Food waste on farms isn’t generally a hot topic of conversation. And when you hear the term “food waste” most people immediately think about retail and household waste, which makes sense because it’s something we see and touch. But the less visible reality is 1.2 billion tonnes of food is wasted on farms each year – the weight of 10 million blue whales – and significantly more than the 931 million tonnes wasted in retail and households. 

Meanwhile roughly 8.3% of farm food remains unharvested due to the inability of farmers to pay their labourers and a list of market-based specifications, amongst many other reasons – leaving farmer’s hardly to blame but carrying so much of the burden.

So why is this happening? How is all this farm food being wasted? And why are the farmers being demonized for systems they didn’t create? There are many reasons, but here are some key factors:

 

Misfits & Imperfect Food

Farmers are under pressure from all directions, one of those pressure points and causes of food waste on farms is the stringent cosmetic guidelines enforced by retail standards. A quick trip to your local grocery store, amongst shoppers pushing aside the trivial amounts of imperfect produce, and you’ll notice the majority of the food is practically identical.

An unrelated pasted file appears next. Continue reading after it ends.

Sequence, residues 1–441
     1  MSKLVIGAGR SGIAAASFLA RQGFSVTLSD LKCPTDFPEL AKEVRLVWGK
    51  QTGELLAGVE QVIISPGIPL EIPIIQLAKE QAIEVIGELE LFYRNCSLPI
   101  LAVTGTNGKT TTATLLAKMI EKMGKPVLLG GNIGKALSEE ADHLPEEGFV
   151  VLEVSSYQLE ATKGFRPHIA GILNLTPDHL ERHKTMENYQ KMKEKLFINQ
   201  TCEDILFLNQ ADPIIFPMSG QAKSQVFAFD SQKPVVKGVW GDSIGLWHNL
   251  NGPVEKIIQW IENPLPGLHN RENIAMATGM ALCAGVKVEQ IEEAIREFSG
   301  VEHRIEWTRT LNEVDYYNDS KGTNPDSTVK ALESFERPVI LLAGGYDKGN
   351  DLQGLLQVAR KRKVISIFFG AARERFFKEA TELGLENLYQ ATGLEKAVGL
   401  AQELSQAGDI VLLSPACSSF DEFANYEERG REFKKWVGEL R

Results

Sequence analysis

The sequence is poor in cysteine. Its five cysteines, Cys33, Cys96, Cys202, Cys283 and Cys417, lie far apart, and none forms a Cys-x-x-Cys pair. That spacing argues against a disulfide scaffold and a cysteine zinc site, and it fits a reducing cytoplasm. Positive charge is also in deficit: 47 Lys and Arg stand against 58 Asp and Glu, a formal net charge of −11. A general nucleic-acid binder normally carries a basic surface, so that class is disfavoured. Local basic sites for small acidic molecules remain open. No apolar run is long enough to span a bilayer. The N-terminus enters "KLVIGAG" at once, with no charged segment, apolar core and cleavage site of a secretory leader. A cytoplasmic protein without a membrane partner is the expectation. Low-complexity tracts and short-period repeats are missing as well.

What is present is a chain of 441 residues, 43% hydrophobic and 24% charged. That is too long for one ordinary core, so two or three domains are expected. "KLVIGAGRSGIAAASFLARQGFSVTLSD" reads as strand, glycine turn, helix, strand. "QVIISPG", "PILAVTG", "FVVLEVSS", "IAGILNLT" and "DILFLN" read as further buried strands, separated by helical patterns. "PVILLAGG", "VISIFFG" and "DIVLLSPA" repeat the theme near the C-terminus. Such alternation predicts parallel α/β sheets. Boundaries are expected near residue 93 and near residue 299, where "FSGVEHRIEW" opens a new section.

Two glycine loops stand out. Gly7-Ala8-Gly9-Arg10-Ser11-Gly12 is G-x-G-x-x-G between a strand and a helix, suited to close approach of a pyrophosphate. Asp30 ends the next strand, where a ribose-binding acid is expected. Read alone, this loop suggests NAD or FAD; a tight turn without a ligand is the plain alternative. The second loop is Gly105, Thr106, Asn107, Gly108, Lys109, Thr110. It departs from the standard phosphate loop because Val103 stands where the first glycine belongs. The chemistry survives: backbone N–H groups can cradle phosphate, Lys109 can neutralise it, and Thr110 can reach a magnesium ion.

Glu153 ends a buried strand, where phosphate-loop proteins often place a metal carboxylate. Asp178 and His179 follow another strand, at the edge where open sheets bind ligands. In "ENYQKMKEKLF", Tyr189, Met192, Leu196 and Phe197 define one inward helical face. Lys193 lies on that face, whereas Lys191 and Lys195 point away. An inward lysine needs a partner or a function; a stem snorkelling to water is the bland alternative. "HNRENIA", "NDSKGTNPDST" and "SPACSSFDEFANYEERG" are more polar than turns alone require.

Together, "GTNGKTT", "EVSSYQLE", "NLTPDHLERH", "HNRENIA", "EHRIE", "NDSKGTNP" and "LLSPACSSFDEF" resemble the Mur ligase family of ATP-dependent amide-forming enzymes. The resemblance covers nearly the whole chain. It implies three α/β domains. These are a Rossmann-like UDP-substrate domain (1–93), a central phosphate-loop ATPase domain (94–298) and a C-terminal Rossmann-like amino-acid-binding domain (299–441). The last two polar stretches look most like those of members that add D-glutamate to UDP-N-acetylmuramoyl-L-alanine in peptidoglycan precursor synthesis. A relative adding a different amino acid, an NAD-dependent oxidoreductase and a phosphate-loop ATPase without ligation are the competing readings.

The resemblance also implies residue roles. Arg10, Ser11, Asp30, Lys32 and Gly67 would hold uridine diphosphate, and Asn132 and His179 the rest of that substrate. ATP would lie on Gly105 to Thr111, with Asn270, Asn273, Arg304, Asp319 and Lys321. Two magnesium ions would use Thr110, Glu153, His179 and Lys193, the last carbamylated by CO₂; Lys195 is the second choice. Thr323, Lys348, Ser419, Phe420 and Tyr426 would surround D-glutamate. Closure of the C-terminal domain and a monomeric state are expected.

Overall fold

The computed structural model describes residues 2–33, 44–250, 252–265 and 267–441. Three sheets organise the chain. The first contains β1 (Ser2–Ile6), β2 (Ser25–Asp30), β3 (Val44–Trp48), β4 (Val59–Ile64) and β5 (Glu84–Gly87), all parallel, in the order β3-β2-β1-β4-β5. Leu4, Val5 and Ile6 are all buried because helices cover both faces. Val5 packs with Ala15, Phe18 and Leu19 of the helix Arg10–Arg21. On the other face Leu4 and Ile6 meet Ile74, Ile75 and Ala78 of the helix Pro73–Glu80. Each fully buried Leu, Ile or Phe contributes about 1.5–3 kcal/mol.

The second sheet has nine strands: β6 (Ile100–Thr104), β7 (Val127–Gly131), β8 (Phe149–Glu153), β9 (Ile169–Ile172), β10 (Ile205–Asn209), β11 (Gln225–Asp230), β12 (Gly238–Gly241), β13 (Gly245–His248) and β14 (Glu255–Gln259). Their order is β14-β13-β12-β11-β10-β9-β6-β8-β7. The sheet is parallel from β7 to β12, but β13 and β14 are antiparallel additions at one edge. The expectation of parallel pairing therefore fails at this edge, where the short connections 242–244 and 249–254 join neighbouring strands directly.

The time and work it takes to produce food, perfect or otherwise, plus the heartache farmers must endure watching their harvest go to waste, does not seem like a fair scenario to us. For the farmer, the food, or the people that could have eaten it. So what kind of crazy beauty standards do these farmers have to meet? Well, there is a laundry list of defects that can affect our produce.

Blemishes are no longer only feared by humans. Here’s a few other imperfections farmer and wholesalers have to be conscious of:

  • Size
  • Colour
  • Shape
  • Maturity/Immaturity
  • Scars
  • Growth cracks
  • Sunburns

Our food faces more pressure than ever to look its best at all times. And that doesn’t seem very sustainable.

Market Fluctuations & Overproduction

Farmers also have to deal with the never-ending fluctuations and trends of the markets. Food producers must keep their finger on the pulse of trending foods to meet the sudden demands of distributors who are often scrambling to keep up with the changing trends of consumer demands. 

Avocados, voted most popular fruit (yes, it’s a fruit!) in recent years by millennials, is known as green gold to most farmers and is just one extreme example of a massive and widespread food trend. Avocados have become such a cash cow for farmers and have even garnered the attention of organized crime, threatening the livelihoods of farmers (an article for another day). In fact, it’s become such a stressor to farmers that they’ve actually had to invest in expensive security and fencing systems to protect their crops at all costs. 

And if that isn’t enough, inevitably the high demand leads not only to mass production but overproduction of the food. This surplus food is then likely to end up in landfill. Plus, you know how fast avocados go bad, so imagine how much more is going to waste in homes.